Open Loop Recycling: What is the “re-purpose” of that?

The goal in recycling metals, plastics, glass, paper, and wood is to eliminate waste going to landfills or incinerators and to conserve natural resources.  Aluminum cans be recycled into aluminum cans over and over again, but few materials can travel through a “closed loop” like this, creating zero waste. Most materials have to go through an open loop recycling process.  In this “secondary recycling process,” a discarded object is broken down and its raw materials are used to create a different product. (For a more details, read Closed Loop vs. Open Loop recycling)

Benefits of Open Loop Recycling

If you can get materials separated into their pure form so they can be reused in new products, it will help
reduce the need for virgin raw materials and delay waste generation. Keeping resources in the economy for as long as possible is the goal here. The more times a product can be recycled before it reaches the end of its lifespan to becomes waste, is called “cascading”. Open loop recycling (especially cascading) keeps materials in use longer, limiting the need for new virgin material to be harvested from the earth.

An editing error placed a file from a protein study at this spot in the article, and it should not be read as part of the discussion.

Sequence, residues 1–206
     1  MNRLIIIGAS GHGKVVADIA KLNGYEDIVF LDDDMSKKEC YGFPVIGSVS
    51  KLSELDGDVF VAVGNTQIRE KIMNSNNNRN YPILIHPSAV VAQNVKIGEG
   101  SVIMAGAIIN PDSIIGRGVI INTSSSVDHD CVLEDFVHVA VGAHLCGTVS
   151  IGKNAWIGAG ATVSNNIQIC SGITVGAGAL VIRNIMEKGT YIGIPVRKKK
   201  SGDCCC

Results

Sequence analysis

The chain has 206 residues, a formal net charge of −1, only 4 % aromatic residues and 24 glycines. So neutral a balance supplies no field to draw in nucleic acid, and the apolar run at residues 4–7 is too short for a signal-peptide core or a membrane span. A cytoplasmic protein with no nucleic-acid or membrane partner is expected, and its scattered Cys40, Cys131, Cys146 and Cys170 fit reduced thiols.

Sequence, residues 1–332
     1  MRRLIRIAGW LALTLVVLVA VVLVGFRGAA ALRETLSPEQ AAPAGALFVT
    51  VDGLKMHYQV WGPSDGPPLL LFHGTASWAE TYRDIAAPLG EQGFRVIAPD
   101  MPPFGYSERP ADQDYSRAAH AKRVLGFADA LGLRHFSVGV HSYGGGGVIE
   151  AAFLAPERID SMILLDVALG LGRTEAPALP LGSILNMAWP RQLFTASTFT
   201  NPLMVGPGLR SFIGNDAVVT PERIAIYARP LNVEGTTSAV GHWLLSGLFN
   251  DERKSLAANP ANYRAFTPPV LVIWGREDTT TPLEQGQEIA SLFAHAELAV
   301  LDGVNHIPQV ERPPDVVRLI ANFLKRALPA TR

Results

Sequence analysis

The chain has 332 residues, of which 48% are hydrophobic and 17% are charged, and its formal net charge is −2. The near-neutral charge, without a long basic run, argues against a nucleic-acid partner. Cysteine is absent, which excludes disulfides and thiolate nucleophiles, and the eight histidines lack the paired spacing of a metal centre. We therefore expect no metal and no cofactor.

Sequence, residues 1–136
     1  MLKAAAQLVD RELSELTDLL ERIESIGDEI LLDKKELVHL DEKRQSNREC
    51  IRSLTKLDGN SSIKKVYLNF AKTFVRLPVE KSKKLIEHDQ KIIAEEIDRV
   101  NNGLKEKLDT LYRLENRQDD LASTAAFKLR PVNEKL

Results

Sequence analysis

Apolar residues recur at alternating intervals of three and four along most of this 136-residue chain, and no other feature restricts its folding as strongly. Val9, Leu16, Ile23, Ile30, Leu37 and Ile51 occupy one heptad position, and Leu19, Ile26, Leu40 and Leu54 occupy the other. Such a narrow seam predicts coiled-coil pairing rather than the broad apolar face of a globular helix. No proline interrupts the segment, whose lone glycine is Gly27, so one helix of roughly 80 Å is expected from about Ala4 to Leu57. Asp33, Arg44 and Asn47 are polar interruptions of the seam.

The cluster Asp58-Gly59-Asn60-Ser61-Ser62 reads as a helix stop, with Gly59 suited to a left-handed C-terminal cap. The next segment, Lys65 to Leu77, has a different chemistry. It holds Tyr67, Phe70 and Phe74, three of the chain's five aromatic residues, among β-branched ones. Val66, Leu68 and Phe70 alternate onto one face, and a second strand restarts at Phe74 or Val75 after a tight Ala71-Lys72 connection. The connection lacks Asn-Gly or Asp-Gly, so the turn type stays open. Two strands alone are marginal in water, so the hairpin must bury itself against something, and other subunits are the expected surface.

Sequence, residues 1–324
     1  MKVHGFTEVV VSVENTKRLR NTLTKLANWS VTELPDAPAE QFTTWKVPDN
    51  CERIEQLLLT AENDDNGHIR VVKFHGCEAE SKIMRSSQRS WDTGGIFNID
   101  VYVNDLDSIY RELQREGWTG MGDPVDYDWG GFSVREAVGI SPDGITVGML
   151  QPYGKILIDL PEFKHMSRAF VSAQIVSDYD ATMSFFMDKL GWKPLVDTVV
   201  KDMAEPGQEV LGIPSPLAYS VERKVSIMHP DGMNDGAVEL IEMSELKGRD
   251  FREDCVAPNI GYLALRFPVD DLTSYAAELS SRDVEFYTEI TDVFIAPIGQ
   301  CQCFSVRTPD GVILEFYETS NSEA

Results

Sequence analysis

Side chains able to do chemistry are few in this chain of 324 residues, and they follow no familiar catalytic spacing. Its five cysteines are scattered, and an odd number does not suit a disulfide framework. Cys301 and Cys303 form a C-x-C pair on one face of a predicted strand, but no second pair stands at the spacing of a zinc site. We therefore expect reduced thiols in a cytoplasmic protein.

Resources Saved

Open loop recycling doesn’t completely eliminate the need for new raw material but it does help conserve these natural resources. In the case of plastics, this means fewer oil wells drilled. In the case of metals, fewer mountains mined. In the case of paper, fewer trees cut down. Overall this means less expended energy. This is definitely an instance where less is more.


Ideally, we’d live in a world that is completely sustainable and circular.  No new raw materials needed and no waste discarded. A 100% closed loop recycling system like that may be ideal but until we can accomplish that, open loop recycling is the next best thing.

What do you think?  Share your comments, questions, and suggestions below…

OLR Senior Writer

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